JL: That’s an assist that isn’t on the stat sheet?
IS: You’ll see in almost all these plays there’s girls on our offense and midfielders doing stuff that’s clearing up the lanes for me to dodge or to cut, so all the credit goes to them on that kind of stuff.
IS: So my freshman year I was horrible at free positions. I don’t know what it was, but I could not finish on free positions for the life of me. So this preseason I really worked on finding a spot on free positions that I could get, that I could score every time. I have a hard enough shot where I can shoot from the outside, usually. I’ve heard from goalie friends the hardest shot to stop is hip side, the opposite side of the goalie because they have to make a split second decision. Do they want to go over the top or do they want to go under? So hitting ‘em right on the hip side where you can’t put your foot into it, you have to kind of move your body and your stick. All year I kind of pinned in that bottom right corner because for righty goalies it’s a really hard shot to save. You just gotta release it quick because defenders are coming pretty fast, they’re very fast off the line.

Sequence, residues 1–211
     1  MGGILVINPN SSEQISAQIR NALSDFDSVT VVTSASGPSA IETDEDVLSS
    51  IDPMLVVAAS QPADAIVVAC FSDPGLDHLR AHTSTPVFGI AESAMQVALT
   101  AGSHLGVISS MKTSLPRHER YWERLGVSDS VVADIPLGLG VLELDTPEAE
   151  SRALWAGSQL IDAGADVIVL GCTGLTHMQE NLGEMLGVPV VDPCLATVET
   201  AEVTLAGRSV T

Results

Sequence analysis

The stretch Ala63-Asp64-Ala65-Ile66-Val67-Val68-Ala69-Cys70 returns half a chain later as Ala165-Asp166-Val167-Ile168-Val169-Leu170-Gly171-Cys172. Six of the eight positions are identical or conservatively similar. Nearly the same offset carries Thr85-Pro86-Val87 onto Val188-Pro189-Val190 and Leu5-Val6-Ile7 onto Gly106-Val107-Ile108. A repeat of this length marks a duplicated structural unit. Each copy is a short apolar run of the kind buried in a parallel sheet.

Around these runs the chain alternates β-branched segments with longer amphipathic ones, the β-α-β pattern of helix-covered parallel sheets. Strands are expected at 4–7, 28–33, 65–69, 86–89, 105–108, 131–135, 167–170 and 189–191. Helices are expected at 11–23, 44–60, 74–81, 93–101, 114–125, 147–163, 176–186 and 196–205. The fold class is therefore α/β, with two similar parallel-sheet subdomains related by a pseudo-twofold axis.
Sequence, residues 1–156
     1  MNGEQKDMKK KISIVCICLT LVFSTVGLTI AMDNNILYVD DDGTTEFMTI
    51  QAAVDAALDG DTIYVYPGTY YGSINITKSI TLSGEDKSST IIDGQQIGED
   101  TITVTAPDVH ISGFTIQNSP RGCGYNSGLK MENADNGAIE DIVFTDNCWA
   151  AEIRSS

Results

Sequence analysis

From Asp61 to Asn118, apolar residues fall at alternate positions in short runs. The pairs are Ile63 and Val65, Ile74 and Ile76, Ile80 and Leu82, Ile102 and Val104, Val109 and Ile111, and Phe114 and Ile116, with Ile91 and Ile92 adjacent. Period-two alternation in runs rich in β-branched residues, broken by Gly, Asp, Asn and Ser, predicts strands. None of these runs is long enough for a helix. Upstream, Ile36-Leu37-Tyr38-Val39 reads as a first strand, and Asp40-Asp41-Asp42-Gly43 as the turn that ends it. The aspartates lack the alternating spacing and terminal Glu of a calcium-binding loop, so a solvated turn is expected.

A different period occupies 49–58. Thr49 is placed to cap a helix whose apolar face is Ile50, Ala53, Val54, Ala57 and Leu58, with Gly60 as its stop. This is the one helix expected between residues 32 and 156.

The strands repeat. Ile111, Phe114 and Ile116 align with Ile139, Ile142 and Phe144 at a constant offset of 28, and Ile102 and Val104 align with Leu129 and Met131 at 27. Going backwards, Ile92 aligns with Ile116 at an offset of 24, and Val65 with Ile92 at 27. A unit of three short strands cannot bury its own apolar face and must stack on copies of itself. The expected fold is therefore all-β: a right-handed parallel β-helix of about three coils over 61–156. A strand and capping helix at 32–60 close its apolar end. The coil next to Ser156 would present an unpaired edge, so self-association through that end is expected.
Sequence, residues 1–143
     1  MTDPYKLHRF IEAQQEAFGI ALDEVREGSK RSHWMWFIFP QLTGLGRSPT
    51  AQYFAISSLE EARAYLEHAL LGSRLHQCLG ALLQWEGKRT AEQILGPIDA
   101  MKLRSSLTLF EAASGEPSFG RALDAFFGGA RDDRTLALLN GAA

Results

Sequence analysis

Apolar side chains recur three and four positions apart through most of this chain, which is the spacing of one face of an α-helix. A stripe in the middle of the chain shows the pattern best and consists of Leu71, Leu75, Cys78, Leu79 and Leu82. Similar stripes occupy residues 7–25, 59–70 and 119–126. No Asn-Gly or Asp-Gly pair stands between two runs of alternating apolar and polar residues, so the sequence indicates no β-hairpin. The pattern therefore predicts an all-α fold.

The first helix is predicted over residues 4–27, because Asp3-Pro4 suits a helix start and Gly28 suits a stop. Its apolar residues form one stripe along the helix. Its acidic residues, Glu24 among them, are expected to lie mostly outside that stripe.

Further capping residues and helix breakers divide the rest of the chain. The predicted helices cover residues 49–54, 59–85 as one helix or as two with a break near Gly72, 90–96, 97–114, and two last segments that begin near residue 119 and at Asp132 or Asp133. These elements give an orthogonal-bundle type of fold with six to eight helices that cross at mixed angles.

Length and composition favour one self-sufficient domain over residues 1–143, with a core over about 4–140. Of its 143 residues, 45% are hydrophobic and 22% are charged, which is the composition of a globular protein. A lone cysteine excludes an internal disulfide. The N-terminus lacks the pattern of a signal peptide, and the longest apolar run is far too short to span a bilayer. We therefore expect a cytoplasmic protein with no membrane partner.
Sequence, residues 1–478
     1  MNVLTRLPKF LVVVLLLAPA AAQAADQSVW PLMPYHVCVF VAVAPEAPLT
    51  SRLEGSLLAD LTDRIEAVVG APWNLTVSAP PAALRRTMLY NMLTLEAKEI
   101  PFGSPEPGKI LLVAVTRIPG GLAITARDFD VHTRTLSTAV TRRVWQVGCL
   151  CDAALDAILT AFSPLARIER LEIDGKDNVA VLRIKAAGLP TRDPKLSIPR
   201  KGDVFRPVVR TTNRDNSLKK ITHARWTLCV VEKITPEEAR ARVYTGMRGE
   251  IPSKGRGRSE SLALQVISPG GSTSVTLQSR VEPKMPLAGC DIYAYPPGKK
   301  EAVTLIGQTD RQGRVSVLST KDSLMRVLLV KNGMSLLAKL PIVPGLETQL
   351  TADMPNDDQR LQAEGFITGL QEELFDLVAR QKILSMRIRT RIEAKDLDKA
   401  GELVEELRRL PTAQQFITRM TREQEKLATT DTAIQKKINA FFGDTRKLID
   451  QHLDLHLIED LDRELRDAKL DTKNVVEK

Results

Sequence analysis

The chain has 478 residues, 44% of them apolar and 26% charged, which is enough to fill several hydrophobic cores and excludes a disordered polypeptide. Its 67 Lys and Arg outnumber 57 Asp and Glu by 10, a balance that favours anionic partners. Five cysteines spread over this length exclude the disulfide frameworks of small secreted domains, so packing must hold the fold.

IS: Another play that I’m going to give full credit to my teammate. Megan Kinna, No. 12. It’s kind of a Canadian thing (Kinna is from Maple Ridge, British Columbia) to do weird stuff like that, basically what she did was I faked a flip, and you can see her cradling her stick like she has the ball. So basically what happens is because she’s doing that, which I literally at the time did not know until afterwards. She goes like this and it’s called power cradling, so you see both the defenders completely slide to her, and I literally have a wide open lane towards the middle. All the credit goes to Kinna. All I had to do is run out in the middle and try not to miss. That’s like, “alright if you miss… this this is not good.”